CDC no longer recommends universal contact tracing and case investigation

The U.S. Centers for Disease Control and Prevention (CDC) no longer recommends universal COVID-19 case investigation and contact tracing, saying instead that health services should focus such efforts on settings at specific high risk.

The February 28 update to CDC guidelines comes nearly two years after Robert Redfield, the agency’s former director, told Congress that the United States needed 100,000 people to work as contact tracers. to track the spread of COVID-19.

According to the CDC, a contact tracer was to quickly locate and speak with people who tested positive for the virus, find out who they have recently been in close contact with, then notify those people of their exposure and encourage them to enter a 14-day quarantine. a day to prevent further transmission.

The CDC now advises state and local health departments to focus on “high-risk congregational settings,” such as long-term care facilities, prisons and homeless shelters. The updated guidelines also state that case investigations should focus on cases and close contacts with exposures in the previous five days for settings and groups at increased risk, such as those with medical conditions. underlying, pregnant women and the elderly.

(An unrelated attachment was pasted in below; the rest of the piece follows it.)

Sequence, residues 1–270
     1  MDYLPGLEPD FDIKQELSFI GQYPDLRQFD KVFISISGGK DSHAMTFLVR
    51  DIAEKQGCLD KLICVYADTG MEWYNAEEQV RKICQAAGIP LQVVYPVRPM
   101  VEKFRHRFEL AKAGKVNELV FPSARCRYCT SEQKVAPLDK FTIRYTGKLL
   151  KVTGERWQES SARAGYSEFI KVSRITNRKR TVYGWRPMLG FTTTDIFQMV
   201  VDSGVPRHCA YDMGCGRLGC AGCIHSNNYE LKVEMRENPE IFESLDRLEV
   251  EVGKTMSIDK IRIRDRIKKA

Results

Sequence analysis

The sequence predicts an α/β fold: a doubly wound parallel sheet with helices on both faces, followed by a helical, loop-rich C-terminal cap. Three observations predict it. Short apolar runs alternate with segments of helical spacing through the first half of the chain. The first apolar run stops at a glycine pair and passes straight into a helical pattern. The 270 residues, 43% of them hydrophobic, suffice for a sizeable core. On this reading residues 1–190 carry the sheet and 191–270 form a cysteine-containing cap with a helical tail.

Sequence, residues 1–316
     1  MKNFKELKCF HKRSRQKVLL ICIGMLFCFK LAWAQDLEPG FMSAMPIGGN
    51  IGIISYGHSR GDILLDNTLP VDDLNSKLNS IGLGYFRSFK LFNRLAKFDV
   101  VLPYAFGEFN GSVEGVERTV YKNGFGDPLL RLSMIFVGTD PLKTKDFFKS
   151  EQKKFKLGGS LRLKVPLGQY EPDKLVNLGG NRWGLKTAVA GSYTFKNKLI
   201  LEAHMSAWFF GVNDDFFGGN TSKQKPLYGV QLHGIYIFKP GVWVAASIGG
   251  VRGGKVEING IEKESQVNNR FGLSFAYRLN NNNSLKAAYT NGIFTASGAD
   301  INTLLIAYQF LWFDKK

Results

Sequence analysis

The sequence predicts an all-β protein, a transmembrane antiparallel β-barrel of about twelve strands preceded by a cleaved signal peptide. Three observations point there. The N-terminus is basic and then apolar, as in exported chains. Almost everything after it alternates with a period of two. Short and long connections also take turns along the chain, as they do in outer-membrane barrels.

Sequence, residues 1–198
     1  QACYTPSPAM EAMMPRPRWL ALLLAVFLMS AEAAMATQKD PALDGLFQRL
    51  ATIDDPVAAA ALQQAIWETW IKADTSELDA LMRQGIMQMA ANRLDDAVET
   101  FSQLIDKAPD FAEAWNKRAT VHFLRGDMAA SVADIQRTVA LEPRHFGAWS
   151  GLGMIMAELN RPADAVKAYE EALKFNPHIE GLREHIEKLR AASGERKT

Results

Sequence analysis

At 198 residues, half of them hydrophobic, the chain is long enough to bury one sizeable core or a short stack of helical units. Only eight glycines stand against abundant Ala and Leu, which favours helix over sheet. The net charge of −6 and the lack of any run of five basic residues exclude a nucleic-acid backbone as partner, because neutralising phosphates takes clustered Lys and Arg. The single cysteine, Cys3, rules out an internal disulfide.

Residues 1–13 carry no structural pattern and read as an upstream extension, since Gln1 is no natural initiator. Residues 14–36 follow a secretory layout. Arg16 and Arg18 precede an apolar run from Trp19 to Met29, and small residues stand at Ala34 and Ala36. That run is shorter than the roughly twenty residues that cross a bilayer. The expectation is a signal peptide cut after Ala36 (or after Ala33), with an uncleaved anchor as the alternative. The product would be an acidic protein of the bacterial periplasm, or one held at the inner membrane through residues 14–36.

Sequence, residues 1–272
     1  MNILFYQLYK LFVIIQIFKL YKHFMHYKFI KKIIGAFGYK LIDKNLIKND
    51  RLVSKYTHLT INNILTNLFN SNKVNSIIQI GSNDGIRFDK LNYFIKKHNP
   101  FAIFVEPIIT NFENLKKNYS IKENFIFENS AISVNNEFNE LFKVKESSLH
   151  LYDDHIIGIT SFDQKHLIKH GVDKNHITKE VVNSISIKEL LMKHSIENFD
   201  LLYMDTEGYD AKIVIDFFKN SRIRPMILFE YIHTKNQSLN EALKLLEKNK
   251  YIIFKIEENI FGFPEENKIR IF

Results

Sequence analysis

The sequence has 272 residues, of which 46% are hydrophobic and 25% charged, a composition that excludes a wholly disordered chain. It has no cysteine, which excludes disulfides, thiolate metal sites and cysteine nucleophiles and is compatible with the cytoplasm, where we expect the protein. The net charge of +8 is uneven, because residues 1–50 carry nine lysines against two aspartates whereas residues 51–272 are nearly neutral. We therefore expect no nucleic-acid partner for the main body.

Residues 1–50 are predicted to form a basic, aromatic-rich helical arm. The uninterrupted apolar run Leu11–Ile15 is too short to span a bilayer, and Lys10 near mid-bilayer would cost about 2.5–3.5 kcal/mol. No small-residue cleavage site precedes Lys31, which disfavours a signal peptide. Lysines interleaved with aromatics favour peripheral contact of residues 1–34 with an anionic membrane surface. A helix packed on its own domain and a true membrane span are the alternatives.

“The updated guidance responds to changes in the nature of the pandemic and the increasing availability of new tools to prevent transmission and mitigate disease,” CDC spokeswoman Kristen Nordlund said March 1. The New York Times reported.

The latest data from the CDC shows that the Omicron variant of the CCP virus has become the dominant strain in the United States, accounting for more than 95% of new infections for the week following Presidents’ Day. Compared to other variants, Omicron spreads more easily and generally causes less severe COVID-19 symptoms.

Recent studies also suggest that Omicron may have an average incubation period of three days, shorter than any other variant. The incubation period is the time between when a person is exposed to a virus and when symptoms begin to appear.

An article published in December 2021 on Eurosurveillance, the scientific journal of the European CDC, describes an outbreak of Omicron involving 80 attendees at a restaurant party in Norway. Most of these people were vaccinated and received a negative antigen test result within two days of the event.

Symptoms such as fever started appearing about three days after the party. The researchers said this could indicate that Omicron is able to multiply so rapidly that negative antigen test results become meaningless.


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